By Joseph Pategou
Estimated to exceed by €1.3 trillion in 2020, the global pharmaceutical market will continue to grow at a compound annual growth rate of 4-5%. There are primarily two kinds of markets in this sector – mature and emerging, each with different structures and dynamics. So far, a modest growth in mature markets has been observed due to several factors. These factors include moderate economic growth, healthcare funding constraints, compelling pricing pressures, public scrutiny accompanied by growing availability, and the use of cheaper generics.
Pharmerging markets are showing chances of an exponential growth, from holding an 18% market share in 2010 to a 31% share in 2020. This is the result of economic and demographic development, rising health expectancy, access to healthcare services, and improving public-private healthcare funding. It is clear that developing countries are key drivers of the global pharmaceutical market.
Even though drug companies of the emerging market are not at par with pharmaceutical leaders of the current mature market, their rise is indicative of a shift in global pharmaceutical spending and research activity in middle-income countries. These companies generally produce generic drugs. However, now they are focusing on establishing themselves in their domestic markets.
Growing R&D capabilities are also supporting the development of local pharma and biotechnology industries, especially in larger developing markets. While overall trends in emerging markets point to growing opportunities, healthcare access and market growth will remain uneven between countries.
To conquer an emerging market
Market leaders are trying hard to enter emerging countries. Mergers and acquisitions help pharma giants take advantage of established local sales and distribution networks. Further, it will help foreign companies win local tenders. For example, BMS has entered into technology transfer agreements with the Brazilian government for AIDS medication, a beneficial step for the company. Merck aims to lower production costs and enter the Chinese market through Simcere’s distribution network.
To enter middle-income economies, companies are redistributing the allocation of resources. AstraZeneca has been shifting resources since 2002, changing a 16% workforce to 50% in the emerging market in 2015. Post the 2008 economic crisis, most OECD countries reduced their public debt. In most high-income economies, high public debt levels and public healthcare financing force governments to cut back on funding. The US is a special case among mature economies, with high public debt but low public healthcare financing. However, current policy changes which are aimed at increasing public healthcare financing are likely to raise the bar. Low public debt levels in fast emerging markets leave enough room for an increase in public healthcare financing.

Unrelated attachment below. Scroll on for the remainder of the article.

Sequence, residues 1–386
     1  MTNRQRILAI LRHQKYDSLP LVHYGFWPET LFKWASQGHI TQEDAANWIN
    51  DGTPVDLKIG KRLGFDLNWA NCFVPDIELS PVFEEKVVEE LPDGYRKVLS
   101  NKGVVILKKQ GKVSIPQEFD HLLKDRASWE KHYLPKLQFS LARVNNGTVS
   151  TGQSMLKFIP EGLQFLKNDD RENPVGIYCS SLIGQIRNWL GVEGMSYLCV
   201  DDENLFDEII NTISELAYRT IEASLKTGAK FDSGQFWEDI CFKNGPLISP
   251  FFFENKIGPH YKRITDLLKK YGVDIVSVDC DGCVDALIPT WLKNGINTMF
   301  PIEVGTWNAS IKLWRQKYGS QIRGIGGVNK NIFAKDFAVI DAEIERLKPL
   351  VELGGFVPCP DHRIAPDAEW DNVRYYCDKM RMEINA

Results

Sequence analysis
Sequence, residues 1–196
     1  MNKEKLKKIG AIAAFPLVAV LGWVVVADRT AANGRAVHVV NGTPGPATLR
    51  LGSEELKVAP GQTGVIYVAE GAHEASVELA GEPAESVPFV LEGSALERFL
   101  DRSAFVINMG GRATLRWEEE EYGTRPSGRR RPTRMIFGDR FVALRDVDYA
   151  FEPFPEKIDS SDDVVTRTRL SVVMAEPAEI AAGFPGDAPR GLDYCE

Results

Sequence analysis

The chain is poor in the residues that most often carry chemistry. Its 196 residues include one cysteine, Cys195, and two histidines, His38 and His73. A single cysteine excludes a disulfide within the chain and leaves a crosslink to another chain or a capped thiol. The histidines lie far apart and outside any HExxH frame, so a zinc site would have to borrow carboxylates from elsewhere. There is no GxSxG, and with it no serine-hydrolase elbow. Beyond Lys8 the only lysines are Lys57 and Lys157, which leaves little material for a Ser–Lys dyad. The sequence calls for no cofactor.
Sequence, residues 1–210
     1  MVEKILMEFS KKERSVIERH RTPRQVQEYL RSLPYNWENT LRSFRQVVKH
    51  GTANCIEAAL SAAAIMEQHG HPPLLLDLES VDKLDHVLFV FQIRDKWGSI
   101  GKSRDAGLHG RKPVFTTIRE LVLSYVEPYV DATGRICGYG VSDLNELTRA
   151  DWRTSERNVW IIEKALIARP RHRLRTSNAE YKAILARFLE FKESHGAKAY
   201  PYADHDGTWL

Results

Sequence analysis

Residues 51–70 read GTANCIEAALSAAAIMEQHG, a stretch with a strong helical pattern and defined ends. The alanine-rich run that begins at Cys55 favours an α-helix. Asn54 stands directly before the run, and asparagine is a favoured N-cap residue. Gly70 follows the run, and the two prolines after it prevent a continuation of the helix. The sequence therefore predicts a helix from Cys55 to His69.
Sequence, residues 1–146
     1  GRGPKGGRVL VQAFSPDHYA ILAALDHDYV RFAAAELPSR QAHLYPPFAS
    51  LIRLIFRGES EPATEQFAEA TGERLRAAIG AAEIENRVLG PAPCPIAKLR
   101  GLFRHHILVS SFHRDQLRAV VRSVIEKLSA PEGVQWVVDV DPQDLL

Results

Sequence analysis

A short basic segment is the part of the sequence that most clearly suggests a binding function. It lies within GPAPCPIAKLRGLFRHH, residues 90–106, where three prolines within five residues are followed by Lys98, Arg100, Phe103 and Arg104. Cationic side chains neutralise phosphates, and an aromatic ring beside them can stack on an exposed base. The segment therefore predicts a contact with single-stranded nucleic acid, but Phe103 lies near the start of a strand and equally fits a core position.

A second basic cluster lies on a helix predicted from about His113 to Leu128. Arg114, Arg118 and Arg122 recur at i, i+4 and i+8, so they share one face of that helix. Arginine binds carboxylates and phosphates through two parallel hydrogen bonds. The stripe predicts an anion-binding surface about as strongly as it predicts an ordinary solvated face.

Reign of the five
Five leading countries dominate these markets: China, Brazil, Russia, India, and South Africa. Pharma exports of developing countries remain quite low as compared to developed countries. However, the growth rate is faster than in high-income countries, and has been three times faster than developed countries in the past decade. This reflects their integration into the global pharmaceutical value chain, local markets, and various domestic drug companies.
India, a major emerging economy ranked 16th for global export market share calculations in 2004, and has been part of the top 10 since 2013. The country tripled its share of worldwide exports over the past decade and held 3.4% share of worldwide exports in 2015. India has seen a rise in export levels due to proactive – though partly controversial – policies in the form of price controls or non-recognition of drug patents. This has transformed the country into a major exporter of low-cost drugs and generics.
The road ahead
Emerging markets have a lot of potential, but also present numerous challenges. Growing wealth, huge population, increasing life expectancy, unhealthy lifestyles, more spending on health care, and slow stagnation of mature market are a few advantages. On the flip side, a lack of healthcare infrastructure, intellectual property protection and stable regulations, lack of affordability, local competition, lower public investment in healthcare, and fake drugs pose a challenge to emerging markets.
Sustainable demand growth in emerging pharmaceutical markets has created major opportunities. Further, local government policies designed to support domestic manufacturers have also raised various challenges and hurdles that increase competition for leaders in this sector. Despite these provocations, emerging markets are a clear indication of the changing global pharmaceutical landscape.
Joseph Pategou is a consultant specialised in the pharmaceutical industry at Wavestone. He is fascinated by healthcare and the experience of many companies to develop new types of drugs with the aim of saving lives.
Main topics of passion in healthcare: Strategy, Digital, Innovation and Biosimilars
Featured Image Source: goldcoastinc.com
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